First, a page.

Image of said treadmill:
According to Diana Paton, author of No Bond But the Law: Punishment, Race, and Gender in Jamaican State Formation, 1780 – 1870:
The treadmill as invented in 1818, and…became widespread in British prisons in the 1820s. Treadmillls had been installed in Trinidad in 1824, in Berbice in the late 1820s, and in the Kingston house of correction in 1828. (88)
The significance of the treadmill to post-emancipation Jamaica: this was a society that had for centuries built its entire economy on the backs of people who were coerced through violence and force, where slave owners could brutally punish and torture their slaves with almost no oversight from the law or society at large.
In the post-slavery era, as those same white ex-slave owners tried to maintain their incredibly rich economic system, they attempted to extract that same level of labor through coercion that was legally-mandated (the apprentice system that forced labor) with the punishment coming not from owners themselves but rather the state at large (because, just as during the era of slavery, the state was almost exclusively created by and useful for white Jamaicans and Englishmen).
Despite the rhetoric of the time claiming that forms of discipline like the treadmill were morally reforming prisoners, the ultimate goal was to discipline former slaves into be willing workers on plantations.
In summary: without the type of coercion present during slavery, white Jamaicans turned to disciplining black Jamaicans in prisons, essentially punishing the latter for not being good, hard workers (sometimes just not being good enough):
The stated purpose of apprenticeship was a…process of training, in which apprentices became accustomed to wage labor. Yet in reality, apprenticeship was a system of directly coerced labor in which responsible, self-directed liberal individuals had little place. The contradiction is resolved if we realize that “reform” of prisoners always requires people to emerge from confinement adjusted to their “station” in society. Thus, for Jamaica during apprenticeship, when the biggest anxiety of both planters and colonial officials was the future continuity of plantation labor, emphasizing reform meant aiming for the re-creation of individuals as willing plantation workers. (87)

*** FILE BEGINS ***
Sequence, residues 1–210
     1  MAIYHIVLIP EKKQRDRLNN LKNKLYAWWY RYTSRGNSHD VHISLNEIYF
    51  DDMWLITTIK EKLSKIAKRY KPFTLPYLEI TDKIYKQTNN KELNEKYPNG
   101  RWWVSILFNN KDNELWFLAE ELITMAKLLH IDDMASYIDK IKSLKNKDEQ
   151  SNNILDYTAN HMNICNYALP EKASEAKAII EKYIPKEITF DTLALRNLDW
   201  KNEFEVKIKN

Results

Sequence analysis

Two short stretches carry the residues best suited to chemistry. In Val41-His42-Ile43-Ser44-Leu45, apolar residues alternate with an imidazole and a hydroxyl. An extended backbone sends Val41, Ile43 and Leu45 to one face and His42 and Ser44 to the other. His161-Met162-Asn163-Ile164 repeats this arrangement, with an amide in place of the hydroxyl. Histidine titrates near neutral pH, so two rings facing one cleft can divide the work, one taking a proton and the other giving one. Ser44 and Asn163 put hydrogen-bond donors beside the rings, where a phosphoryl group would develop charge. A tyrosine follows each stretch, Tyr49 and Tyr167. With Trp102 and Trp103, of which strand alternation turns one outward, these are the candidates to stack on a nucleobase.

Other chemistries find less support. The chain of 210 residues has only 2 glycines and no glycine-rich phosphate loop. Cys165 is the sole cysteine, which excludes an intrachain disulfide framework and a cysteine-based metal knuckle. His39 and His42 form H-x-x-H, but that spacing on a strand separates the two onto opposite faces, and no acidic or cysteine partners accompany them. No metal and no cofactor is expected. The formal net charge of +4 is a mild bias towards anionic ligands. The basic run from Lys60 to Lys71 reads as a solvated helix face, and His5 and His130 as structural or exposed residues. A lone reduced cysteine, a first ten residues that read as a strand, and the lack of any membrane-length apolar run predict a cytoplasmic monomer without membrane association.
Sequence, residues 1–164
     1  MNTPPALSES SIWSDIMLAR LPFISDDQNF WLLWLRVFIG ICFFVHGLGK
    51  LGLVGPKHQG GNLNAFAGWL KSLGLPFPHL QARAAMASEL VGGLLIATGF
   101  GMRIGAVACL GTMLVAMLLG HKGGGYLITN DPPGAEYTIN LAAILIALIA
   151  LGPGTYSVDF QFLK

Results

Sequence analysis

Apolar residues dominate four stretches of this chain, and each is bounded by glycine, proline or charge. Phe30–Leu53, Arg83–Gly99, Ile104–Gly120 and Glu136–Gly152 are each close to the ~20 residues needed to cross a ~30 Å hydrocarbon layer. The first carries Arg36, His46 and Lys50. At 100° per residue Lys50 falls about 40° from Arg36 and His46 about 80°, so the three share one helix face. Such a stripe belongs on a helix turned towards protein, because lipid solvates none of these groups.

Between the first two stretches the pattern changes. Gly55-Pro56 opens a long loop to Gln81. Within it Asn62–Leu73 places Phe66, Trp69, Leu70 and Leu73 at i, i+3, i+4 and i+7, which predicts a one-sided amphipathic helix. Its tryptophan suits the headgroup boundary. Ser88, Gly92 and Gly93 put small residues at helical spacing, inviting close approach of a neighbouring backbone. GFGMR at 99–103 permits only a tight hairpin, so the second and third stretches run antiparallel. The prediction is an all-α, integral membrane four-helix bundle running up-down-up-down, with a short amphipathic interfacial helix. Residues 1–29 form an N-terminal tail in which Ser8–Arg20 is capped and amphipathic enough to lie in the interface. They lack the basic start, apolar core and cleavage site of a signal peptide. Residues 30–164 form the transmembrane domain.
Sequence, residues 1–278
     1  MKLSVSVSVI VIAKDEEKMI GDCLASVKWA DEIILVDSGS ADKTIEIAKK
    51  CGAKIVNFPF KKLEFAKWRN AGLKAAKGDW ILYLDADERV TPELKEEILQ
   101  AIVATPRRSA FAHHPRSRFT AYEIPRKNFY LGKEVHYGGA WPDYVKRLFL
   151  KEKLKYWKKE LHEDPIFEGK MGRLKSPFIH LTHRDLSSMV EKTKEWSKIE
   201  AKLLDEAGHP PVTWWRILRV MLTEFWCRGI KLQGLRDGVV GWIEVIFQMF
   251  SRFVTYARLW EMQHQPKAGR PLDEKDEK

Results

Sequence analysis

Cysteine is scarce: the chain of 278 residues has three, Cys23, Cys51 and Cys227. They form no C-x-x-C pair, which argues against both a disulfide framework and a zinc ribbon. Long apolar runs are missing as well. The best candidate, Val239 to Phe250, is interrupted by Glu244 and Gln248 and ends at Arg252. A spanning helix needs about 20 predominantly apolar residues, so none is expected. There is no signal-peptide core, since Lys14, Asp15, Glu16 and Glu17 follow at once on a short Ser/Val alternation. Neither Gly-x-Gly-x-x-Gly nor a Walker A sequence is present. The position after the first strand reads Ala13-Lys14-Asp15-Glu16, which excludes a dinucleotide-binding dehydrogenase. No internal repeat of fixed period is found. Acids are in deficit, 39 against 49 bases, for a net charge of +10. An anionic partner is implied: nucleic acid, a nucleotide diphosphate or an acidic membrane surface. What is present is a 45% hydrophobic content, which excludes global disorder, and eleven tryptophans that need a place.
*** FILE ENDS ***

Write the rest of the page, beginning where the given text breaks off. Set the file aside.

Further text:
ALSO, really important to note that the people who pushed for and implemented the treadmill in Jamaica were often leaders of the anti-slavery movement:
For its antislavery advocates, the treadmill represented the peak of regulated and civilized punishment. Its mechanical operation meant that it supposedly required the same labor from all who worked on it, unlike more traditional forms of hard labor in which prisoners worked more or less diligently according to their own inclination and the degree of coercion applied. (88)
Despite the praise it received as a non-brutalizing punishment in the early phase of apprenticeship, treadmill labor in practice inflicted physical pain. Even in normal operation, the treadmill should be thought of as a form of corporal punishment. (105)
The type of “benevolence” that Mr. Gingrich and Mr. Trump think they are imparting on the poor, black children of inner city New York through any kind of apprentice system is, whether they recognize it or not (which, of course, they don’t), part of a long, terrible, and racist history.